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Nurses 'in ideal position' to stop physical inactivity of 20 million Brits

Nurses have been asked to do their bit to get patients active as a new report reveals more than 20 million Brits are ‘physically inactive’

Nurses have been asked to do their bit to get patients active as a new report reveals more than 20 million Brits are ‘physically inactive’.

The Physical Inactivity and Sedentary Behaviour report from the British Heart Foundation (BHF) is the most up-to-date analysis of activity in British adults, released on 3 April. It revealed inactive lifestyles and the repercussions on Brits’ health is costing the NHS £1.2 billion each year.

More than 5 million deaths worldwide are attributed to physical inactivity. In the UK alone, it causes one in ten premature deaths from coronary heart disease, and one in six deaths overall. Evidence shows keeping physically active can reduce the risk of heart and circulatory disease by as much as 35% and risk of early death by as much as 30%.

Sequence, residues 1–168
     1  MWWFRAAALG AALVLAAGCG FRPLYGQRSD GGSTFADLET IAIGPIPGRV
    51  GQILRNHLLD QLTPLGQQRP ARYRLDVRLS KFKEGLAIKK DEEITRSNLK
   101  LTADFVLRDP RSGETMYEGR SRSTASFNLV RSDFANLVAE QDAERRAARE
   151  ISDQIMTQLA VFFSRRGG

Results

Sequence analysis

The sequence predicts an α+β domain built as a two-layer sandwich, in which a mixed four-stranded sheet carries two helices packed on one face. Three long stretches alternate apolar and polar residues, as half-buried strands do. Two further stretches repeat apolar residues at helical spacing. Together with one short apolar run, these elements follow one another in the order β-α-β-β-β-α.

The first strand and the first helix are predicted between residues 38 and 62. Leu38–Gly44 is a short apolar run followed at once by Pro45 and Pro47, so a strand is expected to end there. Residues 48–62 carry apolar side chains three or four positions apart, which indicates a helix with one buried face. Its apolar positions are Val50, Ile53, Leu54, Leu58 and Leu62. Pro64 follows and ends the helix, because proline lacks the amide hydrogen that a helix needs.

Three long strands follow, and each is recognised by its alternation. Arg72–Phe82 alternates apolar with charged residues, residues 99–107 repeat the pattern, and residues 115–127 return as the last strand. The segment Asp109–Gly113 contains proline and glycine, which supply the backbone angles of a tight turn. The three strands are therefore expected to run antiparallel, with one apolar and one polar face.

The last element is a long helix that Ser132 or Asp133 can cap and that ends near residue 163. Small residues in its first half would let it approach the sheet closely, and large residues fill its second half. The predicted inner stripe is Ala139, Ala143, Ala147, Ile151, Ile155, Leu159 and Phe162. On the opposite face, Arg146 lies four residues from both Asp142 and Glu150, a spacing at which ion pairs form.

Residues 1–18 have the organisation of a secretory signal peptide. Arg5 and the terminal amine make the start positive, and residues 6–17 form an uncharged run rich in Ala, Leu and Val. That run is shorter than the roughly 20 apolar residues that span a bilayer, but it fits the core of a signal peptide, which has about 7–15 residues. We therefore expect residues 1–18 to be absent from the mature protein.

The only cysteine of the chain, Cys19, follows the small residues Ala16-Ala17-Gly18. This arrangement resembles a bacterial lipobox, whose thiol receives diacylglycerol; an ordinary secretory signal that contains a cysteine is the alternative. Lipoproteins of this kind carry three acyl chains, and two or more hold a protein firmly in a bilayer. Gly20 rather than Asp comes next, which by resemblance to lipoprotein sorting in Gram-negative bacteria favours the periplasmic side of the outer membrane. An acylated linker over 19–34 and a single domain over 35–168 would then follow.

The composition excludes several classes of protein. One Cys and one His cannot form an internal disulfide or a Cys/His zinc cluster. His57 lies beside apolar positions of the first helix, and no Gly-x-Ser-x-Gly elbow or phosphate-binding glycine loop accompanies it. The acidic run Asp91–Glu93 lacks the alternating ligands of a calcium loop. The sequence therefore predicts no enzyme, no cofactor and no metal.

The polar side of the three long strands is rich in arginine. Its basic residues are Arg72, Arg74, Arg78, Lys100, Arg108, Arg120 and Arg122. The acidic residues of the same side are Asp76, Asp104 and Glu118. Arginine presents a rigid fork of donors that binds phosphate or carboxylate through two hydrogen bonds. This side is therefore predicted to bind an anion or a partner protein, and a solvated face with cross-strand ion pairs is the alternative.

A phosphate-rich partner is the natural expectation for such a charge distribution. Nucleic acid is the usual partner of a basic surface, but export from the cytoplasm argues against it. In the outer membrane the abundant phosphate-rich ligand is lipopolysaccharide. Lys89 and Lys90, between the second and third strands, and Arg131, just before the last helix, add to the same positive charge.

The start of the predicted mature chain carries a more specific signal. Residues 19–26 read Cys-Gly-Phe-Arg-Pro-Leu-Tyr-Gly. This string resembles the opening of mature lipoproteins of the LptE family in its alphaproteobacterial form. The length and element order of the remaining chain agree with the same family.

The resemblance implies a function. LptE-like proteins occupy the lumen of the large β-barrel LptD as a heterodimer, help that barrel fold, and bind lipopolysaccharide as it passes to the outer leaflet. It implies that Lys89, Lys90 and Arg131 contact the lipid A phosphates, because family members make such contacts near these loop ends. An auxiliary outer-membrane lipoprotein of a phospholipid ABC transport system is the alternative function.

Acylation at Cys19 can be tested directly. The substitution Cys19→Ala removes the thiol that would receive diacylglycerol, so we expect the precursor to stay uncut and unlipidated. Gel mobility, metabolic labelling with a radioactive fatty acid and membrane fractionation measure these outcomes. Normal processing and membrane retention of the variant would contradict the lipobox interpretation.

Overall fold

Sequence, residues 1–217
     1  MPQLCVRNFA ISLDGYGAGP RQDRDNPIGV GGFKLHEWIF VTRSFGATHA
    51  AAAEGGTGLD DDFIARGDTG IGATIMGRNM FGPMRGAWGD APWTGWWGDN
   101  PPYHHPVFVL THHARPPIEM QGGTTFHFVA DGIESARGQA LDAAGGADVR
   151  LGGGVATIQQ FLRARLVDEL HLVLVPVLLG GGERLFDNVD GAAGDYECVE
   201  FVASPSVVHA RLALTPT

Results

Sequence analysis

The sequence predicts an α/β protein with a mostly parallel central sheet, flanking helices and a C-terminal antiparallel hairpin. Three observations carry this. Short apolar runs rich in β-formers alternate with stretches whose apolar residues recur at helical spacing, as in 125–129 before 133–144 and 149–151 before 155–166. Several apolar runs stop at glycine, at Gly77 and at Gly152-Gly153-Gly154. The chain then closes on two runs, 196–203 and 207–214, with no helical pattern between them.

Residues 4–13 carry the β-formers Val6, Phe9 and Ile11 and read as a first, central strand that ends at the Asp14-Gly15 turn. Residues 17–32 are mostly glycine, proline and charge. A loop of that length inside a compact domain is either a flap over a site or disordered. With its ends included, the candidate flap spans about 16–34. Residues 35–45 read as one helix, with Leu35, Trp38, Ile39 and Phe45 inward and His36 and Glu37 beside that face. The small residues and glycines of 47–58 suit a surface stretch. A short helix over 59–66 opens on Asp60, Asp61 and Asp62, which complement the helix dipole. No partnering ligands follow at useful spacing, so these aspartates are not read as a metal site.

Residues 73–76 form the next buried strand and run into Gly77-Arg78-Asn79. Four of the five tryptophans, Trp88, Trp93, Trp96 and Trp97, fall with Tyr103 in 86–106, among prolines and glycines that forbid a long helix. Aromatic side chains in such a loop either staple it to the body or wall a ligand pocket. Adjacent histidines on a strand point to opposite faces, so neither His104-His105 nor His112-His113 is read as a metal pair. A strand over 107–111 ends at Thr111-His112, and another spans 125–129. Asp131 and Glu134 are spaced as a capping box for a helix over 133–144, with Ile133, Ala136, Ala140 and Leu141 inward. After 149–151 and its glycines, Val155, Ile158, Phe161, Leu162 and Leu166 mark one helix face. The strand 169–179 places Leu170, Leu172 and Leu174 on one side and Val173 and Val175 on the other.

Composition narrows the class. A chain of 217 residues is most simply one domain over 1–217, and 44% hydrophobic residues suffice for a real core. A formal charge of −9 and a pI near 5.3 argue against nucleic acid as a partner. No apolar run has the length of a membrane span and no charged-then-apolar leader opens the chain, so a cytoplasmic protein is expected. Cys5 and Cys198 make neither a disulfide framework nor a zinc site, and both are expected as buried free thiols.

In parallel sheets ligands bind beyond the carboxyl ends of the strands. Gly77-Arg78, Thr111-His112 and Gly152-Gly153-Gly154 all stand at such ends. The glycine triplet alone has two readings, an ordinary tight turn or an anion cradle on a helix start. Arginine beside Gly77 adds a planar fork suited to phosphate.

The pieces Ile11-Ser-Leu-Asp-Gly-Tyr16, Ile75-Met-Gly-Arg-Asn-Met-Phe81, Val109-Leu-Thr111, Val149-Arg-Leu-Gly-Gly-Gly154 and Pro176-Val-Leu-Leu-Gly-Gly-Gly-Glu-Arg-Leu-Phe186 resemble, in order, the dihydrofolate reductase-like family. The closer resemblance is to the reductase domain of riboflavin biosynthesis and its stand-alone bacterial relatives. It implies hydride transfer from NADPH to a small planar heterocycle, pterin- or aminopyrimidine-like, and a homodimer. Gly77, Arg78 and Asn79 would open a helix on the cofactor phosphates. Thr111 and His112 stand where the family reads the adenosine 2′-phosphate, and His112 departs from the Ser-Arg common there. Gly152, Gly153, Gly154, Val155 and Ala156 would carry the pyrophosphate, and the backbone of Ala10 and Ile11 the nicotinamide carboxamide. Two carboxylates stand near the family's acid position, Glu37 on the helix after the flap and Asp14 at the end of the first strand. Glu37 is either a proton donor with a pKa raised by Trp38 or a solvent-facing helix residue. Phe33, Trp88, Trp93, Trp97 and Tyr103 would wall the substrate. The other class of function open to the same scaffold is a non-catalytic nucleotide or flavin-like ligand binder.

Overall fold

Helen Donovan, professional lead for public health nursing at the Royal College of Nursing, has called on nurses to provide support and advice for patients at risk of being harmed by their behaviour patterns.

She said: ‘Too many people are physically inactive, the evidence is clear that this has an impact on health but also well-being. It is linked to the increasing problems we face with obesity as a society.

‘Nurses midwives and health visitors across the system are in an ideal position to advise and support people to be more physically active. It is essential there is a higher priority placed on prevention to safeguard future generations. This is at risk as a result of the cuts placed on public health services.’

In light of the revelations, the BHF has labelled it ‘one of the most significant national health crises threatening people’s cardiovascular health today’, with women 36% more likely to be considered physically inactive than men.

Statistics show the regions in England where people are most physically inactive, with the North West coming out worst as almost half of the adult population – 2.7million adults– are insufficiently active.

Estimates show that the average man in the UK spends a fifth of their lifetime sitting - the equivalent of 78 days each year. For women this is around 74 days a year.

BHF associate medical director Dr Mike Knapton said: ‘Levels of physical inactivity and sedentary behaviour in the UK remain stubbornly high and these two risk factors present a substantial threat to our cardiovascular health and risk of early death.

‘Making physical activity easier and more accessible for all is of paramount importance if we are to reduce the burden of inactivity-related ill health.’